1214 S. Tibbs Ave., 317-241-5801

The $20 Meal (for two): Turkey Manhattan with mashed potatoes and a side ($6.74) + breaded tenderloin sandwich and crinkle-cut fries ($3.27) + two iced teas ($3.50) + coconut cream pie ($2.75) + banana pudding ($2.75)

Nice Buns: Garcia’s Hot Dogs

One prays that what happens in Tijuana, stays in Tijuana—but we’re glad Abacuc Garcia broke the rule and imported the concept of bacon-wrapped hotdogs from the Mexican border town. Amazingly, no one here had already thought of the idea by the time Garcia moved to Indy from California a few years ago, so he seized the opportunity by opening a stand on the corner of 16th Street and Emerson Avenue. That’s where you and Garcia will stand over his built-in grill, watching your meat sizzle and chatting easily like it’s his backyard on a Sunday afternoon. He’ll throw the store-bought bun on the cooker to let it soak up some seasoning. You’ll compliment his technique of slitting open each end of the frank and tucking in the bacon. He’ll pile on toppings—slices of Swiss cheese, sauerkraut, Thousand Island dressing, and pickle spears for a tangy Garcia’s Reuben; chili, shredded cheddar, jalapeños, and crunched-up Fritos for a double-dare Dorito Dog; grilled onions and mustard inside a butterflied Italian sausage, if you don’t feel like getting messy. You’ll like him so much that you’ll stay and eat the bacon-skinned two-hander right there, cajoling him for Tijuana stories. This is fortunate, because to-go orders are wrapped in foil, a treatment that steams the bun—which barely stood a chance to begin with—into a total soggy failure. It takes a lot more than bacon to fix that situation.

5102 E. 16th St.

The $20 Meal (for four): Garcia’s Reuben dog ($3.50) + chili-cheese dog ($3) + Italian sausage ($3.25) + standard bacon-wrapped dog with your favorite toppings ($2.25) + four bags of chips ($3) + two sodas ($2) + two bottles of water ($2.50) 

Counter Attack: Rock-Cola 50s Cafe

This spot was constructed in 1961 as a Peppy Grill and lived part of its life as a Blue Apron and an Amici’s before it became the ’50s-themed Rock-Cola in 1993. The entire restaurant spans just 900 square feet, which allows for barely half a dozen booths and a row of counter stools where diners can watch their food prepared on the grill top, at the hands of a cook who perfectly times the burgers to brown up just as the bacon reaches its peak crispness and the onion rings are ready to come out of the fryer.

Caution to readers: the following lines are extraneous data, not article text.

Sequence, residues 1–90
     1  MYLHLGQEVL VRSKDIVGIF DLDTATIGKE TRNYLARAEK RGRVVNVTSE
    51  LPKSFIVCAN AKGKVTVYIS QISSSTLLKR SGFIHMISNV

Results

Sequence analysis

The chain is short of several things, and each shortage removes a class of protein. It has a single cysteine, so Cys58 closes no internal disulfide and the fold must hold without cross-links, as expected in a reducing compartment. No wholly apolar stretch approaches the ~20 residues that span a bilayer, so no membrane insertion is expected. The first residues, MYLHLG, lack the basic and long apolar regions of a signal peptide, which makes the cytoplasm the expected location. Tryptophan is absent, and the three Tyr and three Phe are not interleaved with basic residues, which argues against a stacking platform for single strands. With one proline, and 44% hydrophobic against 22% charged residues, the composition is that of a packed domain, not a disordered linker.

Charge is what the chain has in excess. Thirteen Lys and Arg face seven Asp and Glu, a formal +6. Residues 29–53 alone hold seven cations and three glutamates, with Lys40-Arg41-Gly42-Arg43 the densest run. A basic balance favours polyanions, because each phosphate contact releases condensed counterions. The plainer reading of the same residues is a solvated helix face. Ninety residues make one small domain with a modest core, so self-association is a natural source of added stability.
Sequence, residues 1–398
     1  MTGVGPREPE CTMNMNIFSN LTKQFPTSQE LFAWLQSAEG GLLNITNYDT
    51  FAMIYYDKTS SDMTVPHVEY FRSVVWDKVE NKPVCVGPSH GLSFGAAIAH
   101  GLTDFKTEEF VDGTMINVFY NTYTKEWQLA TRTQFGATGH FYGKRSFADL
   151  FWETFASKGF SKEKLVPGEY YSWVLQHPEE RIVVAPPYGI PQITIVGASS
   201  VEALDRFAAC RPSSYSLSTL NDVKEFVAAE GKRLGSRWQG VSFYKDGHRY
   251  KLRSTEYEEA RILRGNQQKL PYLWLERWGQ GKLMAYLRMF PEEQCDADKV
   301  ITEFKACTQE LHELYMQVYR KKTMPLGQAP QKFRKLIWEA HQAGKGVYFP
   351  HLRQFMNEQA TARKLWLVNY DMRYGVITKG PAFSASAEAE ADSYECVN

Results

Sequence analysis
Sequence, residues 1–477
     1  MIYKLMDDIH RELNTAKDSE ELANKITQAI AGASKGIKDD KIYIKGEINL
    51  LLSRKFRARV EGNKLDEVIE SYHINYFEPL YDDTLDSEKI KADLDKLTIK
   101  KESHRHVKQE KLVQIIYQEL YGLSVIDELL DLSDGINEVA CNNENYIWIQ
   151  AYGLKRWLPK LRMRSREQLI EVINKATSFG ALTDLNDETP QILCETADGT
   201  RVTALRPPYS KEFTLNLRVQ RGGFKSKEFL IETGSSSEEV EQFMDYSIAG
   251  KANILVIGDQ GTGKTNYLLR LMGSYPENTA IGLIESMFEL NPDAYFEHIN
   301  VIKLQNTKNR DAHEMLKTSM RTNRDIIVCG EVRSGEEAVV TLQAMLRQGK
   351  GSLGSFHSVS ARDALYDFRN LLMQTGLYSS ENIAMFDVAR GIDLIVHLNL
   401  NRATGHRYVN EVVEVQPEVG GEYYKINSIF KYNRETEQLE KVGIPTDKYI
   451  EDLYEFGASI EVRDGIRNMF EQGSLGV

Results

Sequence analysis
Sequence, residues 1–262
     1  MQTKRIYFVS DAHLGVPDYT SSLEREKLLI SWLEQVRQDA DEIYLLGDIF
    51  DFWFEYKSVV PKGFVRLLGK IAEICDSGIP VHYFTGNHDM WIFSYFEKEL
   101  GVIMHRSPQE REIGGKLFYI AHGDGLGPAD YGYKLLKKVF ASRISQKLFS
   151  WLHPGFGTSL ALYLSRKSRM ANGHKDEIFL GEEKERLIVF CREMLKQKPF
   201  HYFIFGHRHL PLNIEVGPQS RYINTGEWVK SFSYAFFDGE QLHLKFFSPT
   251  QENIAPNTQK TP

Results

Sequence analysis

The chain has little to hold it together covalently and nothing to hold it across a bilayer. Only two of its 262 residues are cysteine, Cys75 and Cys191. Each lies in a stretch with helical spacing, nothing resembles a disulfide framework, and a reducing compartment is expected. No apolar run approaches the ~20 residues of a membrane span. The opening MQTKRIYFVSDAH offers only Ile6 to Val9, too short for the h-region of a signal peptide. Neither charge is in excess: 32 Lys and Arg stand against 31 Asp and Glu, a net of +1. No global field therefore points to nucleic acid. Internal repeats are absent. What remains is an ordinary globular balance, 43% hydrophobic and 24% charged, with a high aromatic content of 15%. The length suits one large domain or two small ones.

5730 Brookville Rd., 317-357-2233,

The $20 Meal: Breaded mushrooms ($3.99) + Hawg Dog topped with pulled pork and cole slaw ($6.99) + BlueBerry Thrill bread pudding ($3.99) + lemon shake ($3.89) + a side of Ranch (50 cents)

Supper Table: The Legend

The kitchen at this Irvington family restaurant plays to its strengths, lovingly offering a brief list of meals—plated with one starch and one vegetable, just like Mom used to set out—that come straight from the Hoosier pantry. Homemade meatloaf with sauteed onions is a steal at $8. And the $10 pork tenderloin medallions bask in deglazed pan juices, with a rice accompaniment. The addictive Dad’s Crunchy Chicken—a breaded and sauteed chicken breast, oven-finished to a crisp and topped with herbed broth—is based on a version that co-owner John Robertson used to make for his kids. For dessert, order two warmed cookies for $1.75 and pop for a scoop of ice cream (cross your fingers it’s Graham Central Station, as sweet and cinnamony as a Yankee Candle).

5614 E. Washington St., 317-536-2028,

The $20 Meal: Dad’s Crunchy Chicken ($8) + Alan’s carrot cake ($5) + a glass of the night’s house wine ($6)

the legend

Masa Appeal: The Tamale Place

The tamales at this popular westside spot have always been a bargain, even at the original walk-up counter that would close by midday. At its current location, with evening hours and an airy dining room, putting together a rib-sticking lunch is a no-brainer, especially with tamales for $3.49. Hearty versions with well-seasoned pork or chicken will satisfy carnivores, but a straightforward tamal with poblanos and cheese lets the tender masa shine.

5226 Rockville Rd., 317-248-9771,

The $20 Meal: Poblano tamal in green sauce ($3.49) + chipotle chicken taco ($2.99) + steak-and-egg torta ($5.99) + ½ pint black beans ($1.75) + ½ pint white cheese ($3.25) + pineapple tamal ($1.99)